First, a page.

Neurofeedback for ADHD – specific effects on behaviour and brain
Children with ADHD (Attention Deficit/Hyperactivity Disorder) are commonly described as having difficulties in controlling their attention and in regulating and especially withholding actions when they are inadequate. One common way of addressing these problems is medication. While it may be very helpful in many cases, medication for ADHD can have side effects and does not convey a sense of self-agency concerning the symptoms to the patients.
Thus, in recent years, the popularity of neurofeedback as another treatment approach for ADHD has grown immensely. During neurofeedback, a patient’s brain activity (i.e. the “neuro”-part of neurofeedback) is recorded using small electrodes placed at particular positions on the head. The recorded signal is then immediately presented to the patient through a simple computer interface (i.e. the “feedback”-part of neurofeedback) (Fig. 1). Through this interface, the patients are able to move a comic figurine or a car by regulating their own brain activity in a particular manner. In the case of ADHD, the figurine on the screen moves when concentration is increased and the patient reaches a state of calm, sustained attention. Thus, the patient is immediately and directly rewarded for successful attentional control, which is one of the core difficulties for patients with ADHD. Many previous studies have shown very beneficial effects of neurofeedback for ADHD symptoms and patient behaviour, but it was still unclear what changes neurofeedback actually induces in the underlying brain activity.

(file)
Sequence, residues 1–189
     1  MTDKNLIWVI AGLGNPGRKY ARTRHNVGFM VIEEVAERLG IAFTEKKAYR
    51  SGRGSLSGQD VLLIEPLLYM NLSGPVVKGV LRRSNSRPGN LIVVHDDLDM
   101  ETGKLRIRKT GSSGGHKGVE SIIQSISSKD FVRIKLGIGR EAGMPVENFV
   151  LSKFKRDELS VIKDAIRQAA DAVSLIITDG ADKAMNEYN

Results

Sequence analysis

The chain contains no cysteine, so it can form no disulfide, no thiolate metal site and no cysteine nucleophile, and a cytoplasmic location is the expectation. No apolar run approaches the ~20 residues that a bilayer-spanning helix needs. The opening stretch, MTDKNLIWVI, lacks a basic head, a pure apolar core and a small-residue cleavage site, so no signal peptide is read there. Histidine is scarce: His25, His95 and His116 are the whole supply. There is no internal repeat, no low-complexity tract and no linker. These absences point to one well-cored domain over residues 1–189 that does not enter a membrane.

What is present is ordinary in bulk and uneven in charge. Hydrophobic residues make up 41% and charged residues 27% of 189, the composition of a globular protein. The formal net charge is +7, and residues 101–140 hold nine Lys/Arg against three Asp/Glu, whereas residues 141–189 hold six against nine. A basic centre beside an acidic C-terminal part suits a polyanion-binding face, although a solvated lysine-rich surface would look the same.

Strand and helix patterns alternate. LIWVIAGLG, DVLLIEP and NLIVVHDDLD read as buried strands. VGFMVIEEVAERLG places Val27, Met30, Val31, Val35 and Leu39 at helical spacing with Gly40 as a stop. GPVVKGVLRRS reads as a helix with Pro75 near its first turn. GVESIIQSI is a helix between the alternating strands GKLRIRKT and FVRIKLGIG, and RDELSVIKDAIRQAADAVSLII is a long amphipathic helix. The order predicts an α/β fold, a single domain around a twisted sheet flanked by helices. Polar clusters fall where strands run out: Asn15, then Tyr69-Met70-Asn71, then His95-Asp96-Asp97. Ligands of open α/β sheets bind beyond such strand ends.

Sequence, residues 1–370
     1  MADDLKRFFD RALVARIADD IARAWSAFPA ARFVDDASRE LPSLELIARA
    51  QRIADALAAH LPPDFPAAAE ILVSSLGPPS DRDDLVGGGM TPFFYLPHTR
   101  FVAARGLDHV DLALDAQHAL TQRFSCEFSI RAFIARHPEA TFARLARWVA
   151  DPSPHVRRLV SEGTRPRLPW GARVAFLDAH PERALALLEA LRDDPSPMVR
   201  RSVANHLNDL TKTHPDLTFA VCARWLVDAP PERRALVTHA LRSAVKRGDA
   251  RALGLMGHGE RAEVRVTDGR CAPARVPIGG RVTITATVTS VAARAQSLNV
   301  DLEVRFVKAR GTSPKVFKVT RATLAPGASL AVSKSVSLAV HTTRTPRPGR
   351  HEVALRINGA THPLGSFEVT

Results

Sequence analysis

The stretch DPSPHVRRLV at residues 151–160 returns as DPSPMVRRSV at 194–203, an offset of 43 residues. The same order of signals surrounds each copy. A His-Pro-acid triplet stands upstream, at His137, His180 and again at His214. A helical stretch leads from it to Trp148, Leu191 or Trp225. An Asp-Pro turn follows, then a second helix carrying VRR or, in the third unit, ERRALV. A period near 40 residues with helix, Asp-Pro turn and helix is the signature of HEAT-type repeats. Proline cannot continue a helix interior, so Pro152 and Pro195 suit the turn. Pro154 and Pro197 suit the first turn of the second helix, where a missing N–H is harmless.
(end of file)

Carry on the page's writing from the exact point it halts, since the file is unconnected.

Precisely this question was addressed in the current study. Children’s brain activity was measured before and after they took part in 16 sessions of neurofeedback over a period of 8 weeks. Specifically, brain activity was recorded while children performed a task asking them to pay attention to words on a screen and to perform or inhibit a button press according to what they were seeing. Compared to a group of children who did not undergo a new treatment for ADHD, the patients in the neurofeedback group not only had less pronounced ADHD-symptoms as rated by their parents after the 8 weeks, but also got significantly better in controlling their actions in this task. Most importantly, these improvements were also reflected on the brain level. Here, specifically the P3, a component of brain activity closely connected to action selection and inhibition, was significantly increased after neurofeedback only (Fig. 2).
This aspect of brain activity is typically reduced in children with ADHD compared to those without. Therefore, our data shows, for the first time, that neurofeedback does indeed modulate brain activity which, importantly, is highly relevant for core symptoms of ADHD. We could therefore demonstrate that receiving immediate feedback about their behaviour and brain activity as well as experiencing some self-agency concerning these factors through neurofeedback not only helped patients with ADHD to reduce typical behaviours, but also had substantial effects on the actual underlying brain activity. It now needs to be examined whether the observed effects are still present six months after the treatment and how they compare to the effects which ADHD medication has on patients’ brain activity.
Child and Adolescent Psychiatry, University Hospital Dresden, Germany
The neuronal mechanisms underlying improvement of impulsivity in ADHD by theta/beta neurofeedback.
Bluschke A, Broschwitz F, Kohl S, Roessner V, Beste C
Sci Rep. 2016 Aug 12